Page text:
Many of our clients report that their sales pipelines include a distribution of different opportunity sizes – a mix of small transactions, moderate-sized deals, and a few large strategic opportunities. In some cases, the impact of the large opportunities is extremely significant. They often make or break achievement of sales goals. These big deals are typically “must win” opportunities, and they require special care and scrutiny to ensure their successful closure.
As the end of the year approaches, we are often asked by our clients to help them validate their plans to win strategic opportunities. We follow a structured review process that determines the accurate status of each opportunity, and then identifies what specific actions must be taken in order to maximize the probability of winning the business. After a thorough review, the odds of winning “must win” deals can be improved significantly. Some of our clients report win rates of nearly 90 percent on strategic deals, after conducting formal opportunity reviews.
This high win rate is possible for two reasons. First, an objective review reveals what specific actions and resources are required to make it easy for the customer to buy. An opportunity review can uncover aspects of the buyers’ evaluation and decision process that have not been adequately addressed, which puts the entire opportunity at risk. The sales team can focus on those specific actions that make the most difference, and not waste time doing things peripheral to enabling the buyer to make a positive decision.
Second, an opportunity review presents a realistic picture of the likelihood of securing business in a defined amount of time. In some cases, an opportunity review reveals that a strategic deal is most likely unwinnable in the time remaining before the end of the planned period. This finding is often a bitter medicine to swallow, but it means that a sales team can focus their energies elsewhere, on opportunities more likely to close sooner. They can also schedule the opportunity in question in a realistic timeframe, and set proper expectations for when that business can truly be secured. Trying to rush buyers to buy before they are ready rarely results in a good outcome, for either the buyer or the selling organization.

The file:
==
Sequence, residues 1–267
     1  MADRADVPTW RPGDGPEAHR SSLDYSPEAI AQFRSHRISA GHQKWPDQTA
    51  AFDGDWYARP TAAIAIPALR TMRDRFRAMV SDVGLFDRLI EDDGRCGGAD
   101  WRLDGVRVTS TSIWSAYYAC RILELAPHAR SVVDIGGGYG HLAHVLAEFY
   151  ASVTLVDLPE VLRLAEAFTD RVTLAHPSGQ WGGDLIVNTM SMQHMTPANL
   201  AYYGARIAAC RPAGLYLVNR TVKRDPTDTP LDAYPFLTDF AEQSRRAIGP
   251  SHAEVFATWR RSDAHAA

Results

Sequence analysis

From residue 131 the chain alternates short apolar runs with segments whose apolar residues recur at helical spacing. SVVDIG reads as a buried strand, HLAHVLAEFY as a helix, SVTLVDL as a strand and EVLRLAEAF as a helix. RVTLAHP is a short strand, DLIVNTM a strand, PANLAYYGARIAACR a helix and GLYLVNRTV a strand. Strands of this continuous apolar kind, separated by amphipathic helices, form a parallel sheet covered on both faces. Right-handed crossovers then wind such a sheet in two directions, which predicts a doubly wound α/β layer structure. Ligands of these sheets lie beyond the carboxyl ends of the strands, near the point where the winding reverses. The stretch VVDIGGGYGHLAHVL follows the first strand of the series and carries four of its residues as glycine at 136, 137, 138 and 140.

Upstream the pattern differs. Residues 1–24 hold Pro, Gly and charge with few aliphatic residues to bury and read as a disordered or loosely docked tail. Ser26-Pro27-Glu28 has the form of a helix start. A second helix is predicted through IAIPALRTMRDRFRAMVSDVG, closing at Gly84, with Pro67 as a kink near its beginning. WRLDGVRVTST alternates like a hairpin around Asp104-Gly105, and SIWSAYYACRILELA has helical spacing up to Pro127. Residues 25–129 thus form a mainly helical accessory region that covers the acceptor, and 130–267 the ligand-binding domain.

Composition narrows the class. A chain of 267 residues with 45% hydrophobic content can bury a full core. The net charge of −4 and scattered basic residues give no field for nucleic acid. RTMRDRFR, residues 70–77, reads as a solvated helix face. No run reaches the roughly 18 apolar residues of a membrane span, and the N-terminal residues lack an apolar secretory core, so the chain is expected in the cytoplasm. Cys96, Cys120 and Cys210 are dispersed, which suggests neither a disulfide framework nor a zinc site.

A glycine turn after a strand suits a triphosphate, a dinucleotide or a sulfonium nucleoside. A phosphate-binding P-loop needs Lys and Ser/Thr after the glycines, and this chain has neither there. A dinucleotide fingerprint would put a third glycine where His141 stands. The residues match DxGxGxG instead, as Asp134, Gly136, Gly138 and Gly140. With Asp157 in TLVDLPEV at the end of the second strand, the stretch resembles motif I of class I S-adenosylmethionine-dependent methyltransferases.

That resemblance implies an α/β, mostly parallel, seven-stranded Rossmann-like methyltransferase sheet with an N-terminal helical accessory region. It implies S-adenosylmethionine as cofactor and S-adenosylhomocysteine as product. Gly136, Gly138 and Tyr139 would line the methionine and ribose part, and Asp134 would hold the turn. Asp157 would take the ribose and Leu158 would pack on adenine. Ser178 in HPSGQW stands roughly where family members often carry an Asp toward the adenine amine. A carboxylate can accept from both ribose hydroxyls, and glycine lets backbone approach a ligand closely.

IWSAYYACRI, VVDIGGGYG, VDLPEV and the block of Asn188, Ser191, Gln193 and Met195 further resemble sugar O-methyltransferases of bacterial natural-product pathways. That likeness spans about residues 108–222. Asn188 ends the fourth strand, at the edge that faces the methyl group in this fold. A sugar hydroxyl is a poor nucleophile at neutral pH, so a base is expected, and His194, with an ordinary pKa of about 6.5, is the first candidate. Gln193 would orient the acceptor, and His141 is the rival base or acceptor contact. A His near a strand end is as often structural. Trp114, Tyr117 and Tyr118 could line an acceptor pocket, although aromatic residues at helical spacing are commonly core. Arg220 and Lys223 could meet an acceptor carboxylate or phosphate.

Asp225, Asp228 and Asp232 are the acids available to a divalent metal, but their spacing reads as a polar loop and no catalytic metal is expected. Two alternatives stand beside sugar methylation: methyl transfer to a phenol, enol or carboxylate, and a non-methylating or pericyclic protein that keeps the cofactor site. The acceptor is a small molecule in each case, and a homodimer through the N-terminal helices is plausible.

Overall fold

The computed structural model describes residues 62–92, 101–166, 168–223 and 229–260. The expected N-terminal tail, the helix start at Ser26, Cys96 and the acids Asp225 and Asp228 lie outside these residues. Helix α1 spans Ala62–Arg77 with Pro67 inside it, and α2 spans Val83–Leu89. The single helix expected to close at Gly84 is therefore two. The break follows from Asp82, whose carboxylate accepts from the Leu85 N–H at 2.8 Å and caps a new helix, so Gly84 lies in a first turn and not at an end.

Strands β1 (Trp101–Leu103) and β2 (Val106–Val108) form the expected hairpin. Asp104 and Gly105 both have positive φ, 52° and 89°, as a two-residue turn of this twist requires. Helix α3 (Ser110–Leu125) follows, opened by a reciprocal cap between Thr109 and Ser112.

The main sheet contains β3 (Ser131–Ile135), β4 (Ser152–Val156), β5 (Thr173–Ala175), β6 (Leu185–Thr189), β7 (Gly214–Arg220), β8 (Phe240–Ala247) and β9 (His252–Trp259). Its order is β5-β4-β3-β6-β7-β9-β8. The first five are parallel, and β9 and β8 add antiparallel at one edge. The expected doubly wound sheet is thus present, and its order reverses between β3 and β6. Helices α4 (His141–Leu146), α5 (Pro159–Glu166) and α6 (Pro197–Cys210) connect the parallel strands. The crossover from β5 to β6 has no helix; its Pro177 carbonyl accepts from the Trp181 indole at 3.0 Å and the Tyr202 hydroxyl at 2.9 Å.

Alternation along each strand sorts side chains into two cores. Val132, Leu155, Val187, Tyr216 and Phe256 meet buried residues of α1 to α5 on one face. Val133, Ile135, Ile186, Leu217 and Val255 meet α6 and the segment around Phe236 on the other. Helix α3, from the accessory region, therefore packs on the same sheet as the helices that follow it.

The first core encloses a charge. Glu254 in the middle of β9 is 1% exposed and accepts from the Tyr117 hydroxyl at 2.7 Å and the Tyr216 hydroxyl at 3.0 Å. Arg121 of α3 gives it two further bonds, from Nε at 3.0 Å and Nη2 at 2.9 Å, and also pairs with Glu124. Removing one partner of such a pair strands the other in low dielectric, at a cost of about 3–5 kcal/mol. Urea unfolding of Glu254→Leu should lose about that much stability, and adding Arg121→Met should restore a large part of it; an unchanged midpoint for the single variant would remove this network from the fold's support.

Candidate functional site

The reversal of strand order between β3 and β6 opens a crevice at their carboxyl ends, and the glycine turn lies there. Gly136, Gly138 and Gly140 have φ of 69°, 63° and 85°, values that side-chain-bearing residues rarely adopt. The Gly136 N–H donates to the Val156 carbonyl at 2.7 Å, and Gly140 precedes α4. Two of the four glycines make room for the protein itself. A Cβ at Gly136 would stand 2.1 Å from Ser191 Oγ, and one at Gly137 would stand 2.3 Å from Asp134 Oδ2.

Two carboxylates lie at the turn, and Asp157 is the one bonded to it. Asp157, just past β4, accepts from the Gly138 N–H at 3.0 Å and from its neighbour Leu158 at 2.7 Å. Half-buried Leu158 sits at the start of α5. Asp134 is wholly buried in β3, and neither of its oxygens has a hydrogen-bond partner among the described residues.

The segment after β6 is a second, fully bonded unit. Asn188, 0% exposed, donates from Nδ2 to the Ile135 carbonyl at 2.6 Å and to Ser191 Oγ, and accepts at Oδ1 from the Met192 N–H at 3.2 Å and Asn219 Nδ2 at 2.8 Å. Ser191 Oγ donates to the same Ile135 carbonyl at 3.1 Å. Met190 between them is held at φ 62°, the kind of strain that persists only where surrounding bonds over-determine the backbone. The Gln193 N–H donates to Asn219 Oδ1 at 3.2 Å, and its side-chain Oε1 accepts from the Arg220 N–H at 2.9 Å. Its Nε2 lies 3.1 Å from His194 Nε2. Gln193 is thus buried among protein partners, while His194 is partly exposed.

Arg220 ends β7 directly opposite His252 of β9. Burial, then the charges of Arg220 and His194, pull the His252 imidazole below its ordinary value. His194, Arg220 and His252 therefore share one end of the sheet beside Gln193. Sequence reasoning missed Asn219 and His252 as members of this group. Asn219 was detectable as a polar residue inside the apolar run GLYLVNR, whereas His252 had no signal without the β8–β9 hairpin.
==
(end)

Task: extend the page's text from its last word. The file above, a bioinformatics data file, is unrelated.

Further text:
It Takes Some Courage
To our surprise, we find that some sales leaders are unwilling to conduct opportunity reviews on their “must win” deals. There is far too much wishful thinking in many sales pipelines, especially as the pressure to achieve goals increases as the end of the month, quarter, or year approaches. We sometimes find strategic opportunities in clients’ pipelines that are forecasted to close, with little evidence that they will actually come to fruition in the prescribed period. In too many cases, winning a “must win” deal is based largely on hope, and not on objective facts. It takes some courage to step back and take stock of what is really happening in large opportunities, and then make rational decisions to bring them to a successful conclusion, for both the seller and the buyer.
How should sales leaders conduct reviews of “must win” business?
- Start by using the Successful Sales Formula to determine the strength of a potential sale and the degree of alignment with buyers, in order to identify tactics that will move the opportunity towards a win.
- Re-evaluate the opportunity’s competitive strategy using the Competitive Strategy Selector to determine if the team is using selling resources in the optimum fashion to win.
- Evaluate the extent and rate of progress of the opportunity through the buying process. Reviewing the quality of verifiable outcomes – observable customer behaviors at each stage of the buying process, which indicate alignment with the seller – shows how far and how quickly a “must win” deal is progressing towards a desirable decision. We’ve prepared a checklist that helps evaluate the progression of an opportunity, which you can download here.
As mentioned previously, we often find a lot of emotion entangled around strategic “must win” opportunities. After all, they are nearly always critical for individual sellers and sales teams to have a good year. For this reason, we recommend using an objective facilitator to guide the sales team through their opportunity reviews and keep them free of subjective influences. This will produce higher quality decisions and optimal plans of action.
The end of the year is fast approaching. Now is the time to take a hard look at the opportunities in the sales pipeline that will make the biggest difference in your team’s success.